BRUNSWICK, Ga. — More than 100,000 residents were without power in coastal Georgia as gusty winds strengthened and rain grew more severe with Hurricane Matthew swirling toward the region Friday night.

Outages could climb through the night in the storm-struck counties of Chatham, Glynn, Camden and McIntosh, Georgia Power spokesman John Kraft said. He said utility company crewmembers are expected to head toward the storm-hit areas Saturday after the weather clears.

The National Hurricane Center warned that hurricane conditions could be arriving overnight and continuing into Saturday. The warning included threats of life-threatening flooding in coastal areas.

Most of Tybee Island’s 3,000 residents had already fled the storm, and emergency responders left as well Friday as Matthew’s outer bands lashed the island and the rain and high tide threatened to flood the only way out.

Jeff Dickey had hoped for a shift that would spare his waterfront home on Tybee Island near Savannah but decided staying wasn’t worth the risk as soaking rains began to fall.

“We kind of tried to wait to see if it will tilt more to the east,” said Dickey, who loaded a diesel-powered generator into his pickup truck before hitting the road with his mother and two daughters. “But it’s go time.”

But Calvin Ratterree was still serving beer and liquor to about a dozen customers before lunch at his bar, even as his customers got personal calls from their frustrated mayor, begging them to leave.

“I’m committed. I’d rather be here with the people that support me and need me.” said Ratterree, who owns Nickie’s 1971 bar, about a block from Georgia’s largest public beach.

Mayor Jason Buelterman was taking names of people believed to remain on the island and had police officers join him in making the calls.

“This is what happens when you don’t have a hurricane for 100 years,” Buelterman said. “People get complacent. They just don’t know. Thankfully, it’s a very small minority.”

Gov. Nathan Deal said Hurricane Matthew evacuees should not rush back to their homes in coastal Georgia after the storm passes.

Steve Todd, having a drink with neighbors at the bar, made sure his wife and child and their two dogs evacuated, but said he wanted to “make sure my house stays here.”

“I’m guarding my belongings at this point.” Todd shrugged. “If we left, we might not be able to get back to the island for a week or more.”

Roadways and bridges need to be reassessed to make sure they are safe for passage, Deal said. The governor said he doesn’t want people to put their lives in jeopardy until after utility crews are able to inspect the area.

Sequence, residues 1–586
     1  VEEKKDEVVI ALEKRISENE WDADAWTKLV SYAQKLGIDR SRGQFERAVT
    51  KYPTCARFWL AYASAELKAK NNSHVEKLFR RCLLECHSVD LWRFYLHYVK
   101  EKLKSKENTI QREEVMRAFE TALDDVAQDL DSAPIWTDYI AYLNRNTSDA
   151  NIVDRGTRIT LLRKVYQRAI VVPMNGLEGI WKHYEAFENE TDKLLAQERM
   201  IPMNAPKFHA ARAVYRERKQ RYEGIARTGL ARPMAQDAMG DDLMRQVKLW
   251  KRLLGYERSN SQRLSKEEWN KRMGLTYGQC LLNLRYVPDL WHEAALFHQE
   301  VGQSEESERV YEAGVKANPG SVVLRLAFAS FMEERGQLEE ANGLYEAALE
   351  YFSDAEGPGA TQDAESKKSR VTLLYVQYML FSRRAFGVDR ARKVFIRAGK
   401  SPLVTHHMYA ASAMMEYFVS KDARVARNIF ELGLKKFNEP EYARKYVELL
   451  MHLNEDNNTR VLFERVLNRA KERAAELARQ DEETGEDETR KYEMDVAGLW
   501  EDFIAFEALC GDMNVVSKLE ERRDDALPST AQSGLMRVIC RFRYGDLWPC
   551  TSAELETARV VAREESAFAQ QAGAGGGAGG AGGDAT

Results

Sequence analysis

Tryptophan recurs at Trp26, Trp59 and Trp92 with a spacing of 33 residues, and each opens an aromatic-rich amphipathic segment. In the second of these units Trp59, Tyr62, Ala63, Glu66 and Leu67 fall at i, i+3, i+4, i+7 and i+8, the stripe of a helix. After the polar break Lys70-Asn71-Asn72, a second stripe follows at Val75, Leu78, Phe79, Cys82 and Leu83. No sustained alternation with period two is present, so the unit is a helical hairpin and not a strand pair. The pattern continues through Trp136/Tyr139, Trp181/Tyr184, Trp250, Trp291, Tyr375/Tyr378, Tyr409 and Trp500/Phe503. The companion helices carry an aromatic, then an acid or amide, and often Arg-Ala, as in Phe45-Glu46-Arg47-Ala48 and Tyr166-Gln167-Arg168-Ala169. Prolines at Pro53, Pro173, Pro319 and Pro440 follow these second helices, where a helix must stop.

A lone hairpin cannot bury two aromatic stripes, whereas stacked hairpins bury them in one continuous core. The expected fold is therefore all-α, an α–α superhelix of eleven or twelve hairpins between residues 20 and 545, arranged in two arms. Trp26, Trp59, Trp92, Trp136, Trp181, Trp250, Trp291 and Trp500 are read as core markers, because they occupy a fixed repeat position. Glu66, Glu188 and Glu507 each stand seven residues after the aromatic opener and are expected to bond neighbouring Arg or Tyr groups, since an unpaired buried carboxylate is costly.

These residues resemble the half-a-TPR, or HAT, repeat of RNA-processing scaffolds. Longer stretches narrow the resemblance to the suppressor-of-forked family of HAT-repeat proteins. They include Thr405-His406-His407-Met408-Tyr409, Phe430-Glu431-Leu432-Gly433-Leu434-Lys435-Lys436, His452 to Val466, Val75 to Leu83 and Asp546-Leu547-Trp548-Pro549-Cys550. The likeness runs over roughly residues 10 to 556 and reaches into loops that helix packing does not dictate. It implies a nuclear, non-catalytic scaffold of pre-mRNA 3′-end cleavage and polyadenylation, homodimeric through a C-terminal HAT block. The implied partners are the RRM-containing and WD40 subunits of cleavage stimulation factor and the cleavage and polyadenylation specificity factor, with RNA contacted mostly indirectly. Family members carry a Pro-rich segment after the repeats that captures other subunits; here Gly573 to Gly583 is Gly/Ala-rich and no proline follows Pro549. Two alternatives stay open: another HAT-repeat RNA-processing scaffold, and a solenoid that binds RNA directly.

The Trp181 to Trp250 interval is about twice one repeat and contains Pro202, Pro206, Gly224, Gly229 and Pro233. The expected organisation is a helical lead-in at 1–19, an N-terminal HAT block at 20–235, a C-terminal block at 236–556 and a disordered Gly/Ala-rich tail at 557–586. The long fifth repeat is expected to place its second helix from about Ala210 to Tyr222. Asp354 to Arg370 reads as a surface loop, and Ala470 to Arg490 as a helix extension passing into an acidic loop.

Georgia has only 100 miles of coast tucked between South Carolina and Florida, a relatively small target for direct hurricane strikes. It’s also the westernmost part of the eastern seaboard, which helps explain why no major hurricane — Category 3 or greater — has made landfall on the Georgia coast since 1898.

But that doesn’t mean the past 118 years have been storm-free. Hurricane David made landfall in Georgia as a Category 2 storm in 1979, following a very similar coastline-hugging path as Matthew. But David was a weaker storm and did little overall damage.

The Georgia coast last evacuated for Hurricane Floyd in 1999, but that storm took a last minute turn and came ashore in North Carolina.

Tropical Storm Hermine sent tree limbs falling and caused widespread power outages in the Savannah area barely a month ago, arriving over land after coming ashore as a hurricane on the Gulf coast of Florida.

In coastal Savannah, Dennis Jones, emergency management director for Chatham County, told a news conference Friday morning that people had just a few more hours before powerful winds start hitting.

“Once the wind starts blowing, we’re pulling all emergency services off the street,” he said.

Police in several coastal counties announced they would be enforcing curfews.

Transportation officials announced the closure at noon Friday of the Talmadge Memorial Bridge, which spans the Savannah River between downtown Savannah and Hutchinson Island. Two hours earlier and farther south, they closed the Sidney Lanier Bridge to the barrier islands off Brunswick, which include Jekyll Island, Sea Island, St. Simons Island and Little St. Simons Island.

Officials said high winds would likely make it difficult for drivers to control their vehicles on the bridges.

Robin and Greg Bontrager removed loose items including sails and canvas from their boat, and double-tied it to Dock 3 in Brunswick in the pouring rain Friday morning.

Retired schoolteachers who decided life was too short to skip adventures, the couple lives on the 42-foot Hunter sailboat, called “Always and Forever.” But on Friday, they were leaving with their dogs for a motel.

“No one ever wants to leave their home, whether it’s a forest fire, a tornado, a hurricane, whatever the natural disaster might be,” she said. “And we’re not sure what we’re going to come back to.”

Associated Press writer Kate Brumback and Jonathan Landrum Jr. contributed to this report from Atlanta.